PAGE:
The Greatest Bar Fight in History: Mongo vs. the Bruiser
By Tim Bean
Everything about that night went wrong in a hurry, and Alex Karras (who would famously play Mongo in Blazing Saddles a decade later) admitted that he should have known better.
He shouldn’t have put any money down on football games. He shouldn’t have gotten in so tightly with the Butiscaris brothers and discussed buying into their place in Detroit, the Lindell Bar. He shouldn’t have agreed to work as a kind of celebrity bartender.
More than anything, he should have known better than staging this hokey wrestling stunt which hinged on Dick “the Bruiser” Afflis not flying into one of his Looney Tunes rages.
Like Karras, Dick Afflis had once played for the NFL. Karras knew exactly why Dick quit playing football. More money, sure, but the real reason behind Dick’s move is his love of fighting. He liked to fight. Even his scripted wrestling matches sometimes turned into the real deal. In 1957, his match at Madison Square Garden had gone off-script and turned into a real fight. Then a real riot. By the time the brawl ended, the Garden was covered in a sea of shattered wooden chairs. It took sixty policeman to subdue the crowd and the wrestlers. “The Bruiser” wasn’t just a character.
Before the Detroit Lions picked up Karras in 1958, Karras had worked the wrestling circuit and he and Dick “The Bruiser” Afflis had become fast friends. Both came from Indiana—Karras born in Gary and a legendary Emerson High School football star. Dick grew up in Delphi, played football and wrestled at Lafayette Jefferson High School and then for Purdue, then three years with the Green Bay Packers. Then he left it all for professional wrestling, which had exploded once televised bouts entered the industry. Dick helped the younger Karras along with his wrestling, mentoring him like a big brother.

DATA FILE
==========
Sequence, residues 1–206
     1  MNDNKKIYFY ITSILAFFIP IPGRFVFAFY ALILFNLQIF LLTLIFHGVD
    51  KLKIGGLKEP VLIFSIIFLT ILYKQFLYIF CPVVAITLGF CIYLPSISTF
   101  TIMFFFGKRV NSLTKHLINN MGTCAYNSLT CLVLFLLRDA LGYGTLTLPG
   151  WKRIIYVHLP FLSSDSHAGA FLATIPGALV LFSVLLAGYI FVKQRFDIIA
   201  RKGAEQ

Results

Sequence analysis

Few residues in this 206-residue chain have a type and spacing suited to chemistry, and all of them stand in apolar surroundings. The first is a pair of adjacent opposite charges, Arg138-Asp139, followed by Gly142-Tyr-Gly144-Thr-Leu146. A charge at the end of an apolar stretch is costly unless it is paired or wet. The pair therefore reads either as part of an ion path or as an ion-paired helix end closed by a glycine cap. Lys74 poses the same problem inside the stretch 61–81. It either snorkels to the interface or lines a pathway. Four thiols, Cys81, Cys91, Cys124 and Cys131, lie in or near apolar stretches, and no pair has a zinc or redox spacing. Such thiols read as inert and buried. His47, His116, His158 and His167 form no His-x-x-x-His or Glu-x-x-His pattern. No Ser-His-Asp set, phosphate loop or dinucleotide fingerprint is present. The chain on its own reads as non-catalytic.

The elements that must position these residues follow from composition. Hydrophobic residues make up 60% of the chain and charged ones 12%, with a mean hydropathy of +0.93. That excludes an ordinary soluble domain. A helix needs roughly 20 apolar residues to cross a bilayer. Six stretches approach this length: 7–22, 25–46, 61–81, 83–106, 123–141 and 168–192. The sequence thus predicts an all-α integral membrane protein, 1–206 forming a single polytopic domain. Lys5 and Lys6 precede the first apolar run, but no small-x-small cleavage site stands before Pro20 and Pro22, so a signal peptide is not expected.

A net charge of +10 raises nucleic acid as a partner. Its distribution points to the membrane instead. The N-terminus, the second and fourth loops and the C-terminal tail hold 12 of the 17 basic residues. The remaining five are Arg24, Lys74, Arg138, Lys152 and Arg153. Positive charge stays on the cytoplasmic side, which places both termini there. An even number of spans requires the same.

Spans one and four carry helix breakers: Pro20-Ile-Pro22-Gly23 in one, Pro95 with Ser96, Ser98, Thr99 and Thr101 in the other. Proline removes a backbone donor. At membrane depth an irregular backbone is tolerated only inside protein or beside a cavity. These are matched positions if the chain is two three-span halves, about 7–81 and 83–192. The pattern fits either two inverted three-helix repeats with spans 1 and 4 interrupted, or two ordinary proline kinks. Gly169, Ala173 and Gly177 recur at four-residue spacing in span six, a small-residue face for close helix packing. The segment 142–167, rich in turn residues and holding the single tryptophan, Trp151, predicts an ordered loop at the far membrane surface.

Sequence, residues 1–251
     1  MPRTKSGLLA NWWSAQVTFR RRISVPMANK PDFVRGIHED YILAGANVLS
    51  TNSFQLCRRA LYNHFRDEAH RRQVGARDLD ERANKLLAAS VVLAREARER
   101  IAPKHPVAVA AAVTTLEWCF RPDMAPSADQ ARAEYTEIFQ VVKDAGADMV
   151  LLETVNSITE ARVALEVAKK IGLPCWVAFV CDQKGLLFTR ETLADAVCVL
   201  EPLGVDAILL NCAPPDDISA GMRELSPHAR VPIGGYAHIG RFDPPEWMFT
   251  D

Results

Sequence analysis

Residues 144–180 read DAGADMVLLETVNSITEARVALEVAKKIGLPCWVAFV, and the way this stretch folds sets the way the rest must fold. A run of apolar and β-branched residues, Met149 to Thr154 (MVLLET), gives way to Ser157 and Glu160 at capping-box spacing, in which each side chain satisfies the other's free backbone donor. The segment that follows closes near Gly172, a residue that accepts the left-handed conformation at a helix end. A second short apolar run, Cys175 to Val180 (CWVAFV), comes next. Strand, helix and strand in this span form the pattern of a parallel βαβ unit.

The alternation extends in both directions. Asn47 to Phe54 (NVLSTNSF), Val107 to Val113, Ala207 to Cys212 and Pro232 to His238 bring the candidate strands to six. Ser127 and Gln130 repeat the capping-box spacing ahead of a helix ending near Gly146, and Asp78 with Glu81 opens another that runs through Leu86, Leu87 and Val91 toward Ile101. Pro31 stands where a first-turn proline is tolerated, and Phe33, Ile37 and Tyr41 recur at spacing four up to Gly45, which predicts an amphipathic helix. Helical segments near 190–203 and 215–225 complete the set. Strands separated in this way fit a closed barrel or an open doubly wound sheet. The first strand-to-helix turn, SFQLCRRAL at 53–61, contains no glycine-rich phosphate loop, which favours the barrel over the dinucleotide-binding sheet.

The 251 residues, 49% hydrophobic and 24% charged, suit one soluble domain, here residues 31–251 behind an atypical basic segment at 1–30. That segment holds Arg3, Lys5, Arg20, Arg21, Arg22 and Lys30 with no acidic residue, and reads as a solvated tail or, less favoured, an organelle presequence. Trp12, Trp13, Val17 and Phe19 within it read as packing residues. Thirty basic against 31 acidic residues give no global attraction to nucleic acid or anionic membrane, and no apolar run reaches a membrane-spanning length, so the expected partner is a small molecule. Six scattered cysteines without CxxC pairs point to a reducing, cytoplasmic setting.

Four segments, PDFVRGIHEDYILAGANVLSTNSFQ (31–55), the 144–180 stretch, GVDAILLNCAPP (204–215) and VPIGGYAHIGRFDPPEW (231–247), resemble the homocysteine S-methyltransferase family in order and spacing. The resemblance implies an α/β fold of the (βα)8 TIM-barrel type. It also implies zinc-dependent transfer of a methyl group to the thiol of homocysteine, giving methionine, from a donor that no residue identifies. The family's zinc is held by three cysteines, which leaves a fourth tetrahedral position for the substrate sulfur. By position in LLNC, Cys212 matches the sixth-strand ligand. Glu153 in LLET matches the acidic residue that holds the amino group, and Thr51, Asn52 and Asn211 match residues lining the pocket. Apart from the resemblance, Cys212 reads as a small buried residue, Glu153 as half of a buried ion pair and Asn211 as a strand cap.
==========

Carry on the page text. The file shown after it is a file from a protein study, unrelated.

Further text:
When the Detroit Lions grabbed him in the first round of the 1958 NFL draft, Karras walked away from wrestling without hesitation. Dick was a little hurt and a little irritated. Wrestling pays better and was a hell of a lot safer than football. You were a star, not a faceless grunt on the gridiron. Dick loved every minute of being in the ring. He thought Karras had, too.
Dick watched Alex Karras become one of the Motor City’s athletic icons. One of the greatest defensive tackles in NFL history, they said. Unlike many players, Karras had evolved a calm, easy-going rapport with fans and press. His quick, imaginative mind cranked out jokes and stories easily, but the man turned to a six-foot-two granite slab on the field.
When Karras got slapped with a one-year suspension in 1963 for gambling on football games, Dick offered to get him back on the circuit. Put a nice bit of scratch together. Karras wasn’t wealthy, by any means, and the only income he had to weather the gap in NFL checks was from the Lindell Bar, which he shared with the Butiscaris brothers. Karras liked the bar and liked the brothers, but he knew they had a reputation in the city.
The Butiscaris weren’t exactly connected, but they were serious men. Friends of friends, or however you wanted to say it. It was through them that Karras had put down some small bets from time to time, more out of habit than desire. But the NFL found out. The Lions made no secret about wanting him to sell his share of the bar and distance himself from that lifestyle.
Karras knew he would, eventually, but after 1963. For now, he needed the cash. When Dick offered to get him on the circuit again, Karras accepted right away. Now that he was famous in Detroit, he’d be a bigger draw with a bigger paycheck. He’d make more in a few bouts than he would in a entire season with the Lions.